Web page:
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Story of Ani Siliana Bosa



"If you take refuge deep from your heart, you will always have a shelter!


I am at the end of my life, I'm closer to death and also my birthday of next life!

I have been ordained for more than 40 years, there is a lot of life experiences in that, and I've been very, very, very, very, very, very, very, very, very, very, very lucky!”


With a spark of curiosity, Venerable Siliana began her Buddhist journey four decades ago. She is now one of the most senior Buddhist nuns in Italy.

On a fateful journey to visit her sister at Lama Tzong Khapa Institute in Tuscany, Ven. Siliana first experienced the Buddha's teachings. She remembers making the decision to attend the teaching during her visit, and the serenity she witnessed in her sibling was the inspiration to join.


"My sister is always very calm and relaxed... maybe there is something about these teachings, since I am here, I might as well check it out."

That very first teaching just blew her mind!


For years, Ven. Siliana had been searching for an answer to questions that swirled in her mind. She felt like the teachings were something she had been looking for without knowing, and she finally found someone who thought the same as she thought. That introduction gave voice to something she had felt for a long time but had never been able to express.


"You know, I didn't have any Buddhist background, but when I heard the teaching, especially when they were talking about cause and effect, wow, that makes so much sense. Not only that, at the end of the teaching, the lama said: 'You don’t have to believe the things that I said because I said it. You don’t have to believe it because Buddha said this, and you don’t have to believe it because it was written in the books. You can accept the teachings only when you verify them yourself, and they are actually effective and make sense to you.'


"I just felt an incredible and great freedom and uplift from the burdens of other religious traditions."


In truth, when she first went to Lama Tzong Khapa Institute, Ven. Siliana thought it was a place where people were being brainwashed! But the more she listened to the teaching, the more it made sense to her, and the more liberated her mind felt.

And because of this openness and freedom, the teachings became very effective for her. She stayed at the institute, studying and practicing Buddhism. One day, she saw a video from Lama Yeshe saying, "becoming ordained to be a monk or nun is to serve others."


"It just hit my heart, and I really wanted to do that! Somehow, it's like the karma suddenly ripened, and it was so clear and was the only thing I could do in my life! When I heard the teaching about emptiness and its ideas, I felt I was so thirsty for this the whole time, and suddenly I was drinking from a water source -- it was so nourishing!"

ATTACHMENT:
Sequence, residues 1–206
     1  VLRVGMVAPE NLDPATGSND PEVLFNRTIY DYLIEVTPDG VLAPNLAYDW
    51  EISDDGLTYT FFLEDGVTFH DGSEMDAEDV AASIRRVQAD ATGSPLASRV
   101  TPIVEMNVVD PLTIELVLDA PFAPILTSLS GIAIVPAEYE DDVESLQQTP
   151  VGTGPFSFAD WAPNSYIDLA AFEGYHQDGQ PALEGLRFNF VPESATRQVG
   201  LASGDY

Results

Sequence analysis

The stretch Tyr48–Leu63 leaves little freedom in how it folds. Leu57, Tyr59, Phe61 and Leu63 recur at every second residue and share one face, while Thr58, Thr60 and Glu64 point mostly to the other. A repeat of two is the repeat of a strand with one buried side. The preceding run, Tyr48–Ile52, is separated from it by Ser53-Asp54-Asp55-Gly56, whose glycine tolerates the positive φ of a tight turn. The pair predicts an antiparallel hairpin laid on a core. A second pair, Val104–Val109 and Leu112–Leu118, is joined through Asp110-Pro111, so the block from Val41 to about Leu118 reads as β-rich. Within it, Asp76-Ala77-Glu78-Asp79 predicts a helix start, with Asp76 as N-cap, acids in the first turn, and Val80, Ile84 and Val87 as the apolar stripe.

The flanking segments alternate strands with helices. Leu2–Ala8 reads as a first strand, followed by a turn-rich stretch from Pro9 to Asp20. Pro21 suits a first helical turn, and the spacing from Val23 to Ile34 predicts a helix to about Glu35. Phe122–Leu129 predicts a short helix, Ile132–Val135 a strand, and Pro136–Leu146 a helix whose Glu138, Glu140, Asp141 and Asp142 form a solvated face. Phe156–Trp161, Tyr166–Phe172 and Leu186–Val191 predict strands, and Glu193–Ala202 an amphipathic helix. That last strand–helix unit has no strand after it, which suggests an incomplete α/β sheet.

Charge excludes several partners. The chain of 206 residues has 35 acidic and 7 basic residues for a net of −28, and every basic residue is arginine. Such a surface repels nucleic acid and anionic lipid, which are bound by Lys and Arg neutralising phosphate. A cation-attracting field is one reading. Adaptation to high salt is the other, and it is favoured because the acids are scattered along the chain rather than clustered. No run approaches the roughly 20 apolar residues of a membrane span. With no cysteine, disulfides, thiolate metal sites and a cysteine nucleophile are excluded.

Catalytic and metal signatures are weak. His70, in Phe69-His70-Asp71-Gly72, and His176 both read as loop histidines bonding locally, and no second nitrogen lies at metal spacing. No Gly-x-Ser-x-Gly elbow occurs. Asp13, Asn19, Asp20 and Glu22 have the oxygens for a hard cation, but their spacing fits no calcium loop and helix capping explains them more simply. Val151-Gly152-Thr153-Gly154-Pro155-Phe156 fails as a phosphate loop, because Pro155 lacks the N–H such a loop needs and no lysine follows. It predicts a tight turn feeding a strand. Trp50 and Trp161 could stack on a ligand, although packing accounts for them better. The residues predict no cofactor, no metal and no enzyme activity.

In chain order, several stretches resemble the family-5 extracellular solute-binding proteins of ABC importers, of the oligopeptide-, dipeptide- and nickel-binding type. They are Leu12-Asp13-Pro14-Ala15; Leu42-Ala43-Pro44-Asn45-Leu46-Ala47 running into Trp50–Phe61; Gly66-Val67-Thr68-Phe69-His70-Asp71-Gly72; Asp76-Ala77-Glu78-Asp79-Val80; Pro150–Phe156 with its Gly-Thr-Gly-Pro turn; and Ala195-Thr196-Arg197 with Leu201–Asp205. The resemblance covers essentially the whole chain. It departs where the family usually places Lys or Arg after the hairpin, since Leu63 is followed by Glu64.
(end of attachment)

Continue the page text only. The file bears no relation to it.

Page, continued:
At just 23, Ven. Siliana had found her path - a path she continues to follow with enthusiasm, determination, and devotion to this day.


“I always thought, 'I will give up my robes as soon as I feel my ordination is like a prison and it makes me suffocate.' But I never had that feeling!


“The practice is to change your mind and use all the situations that you're facing in life in order to direct your mind in a kind of constructive direction and not let yourself get involved with the disturbing emotions. I always say to people, 'the ideal place for the practice doesn't exist, practice is where you are now in this moment.' Because tomorrow morning, we might not still be alive.”



Question: Do you find joy being a Buddhist nun for 40 years?


Ven. Siliana Bosa: Absolutely! I spent many years on planes and traveling.

I've lived in Nepal for six years in one center and teaching there. Then after that, I traveled for about seven years around the world, organizing exhibitions of Buddha’s Relic and of other great saints that was Kyabje Lama Zopa Rinpoche’s collection. So I've been almost everywhere in the world and it has been an amazing experience.


Question: What is a good example of a Western Buddhist nun’s community?


Ven. Siliana Bosa: Sravasti Abbey is a wonderful example. Venerable Thubten Chodron is one of my first teachers, she gave me great inspiration. She is a really strong, powerful, and determined woman. She started small and it took a long time for her to build the monastery but now it is very successful and very very good! There are very few people able to do that.


Question: Do you think monasteries and communities are important for Western nuns?


Ven. Siliana Bosa: According to the intention of the Buddha, a monastery is the actual place where the Dharma can live and build its roots in a country.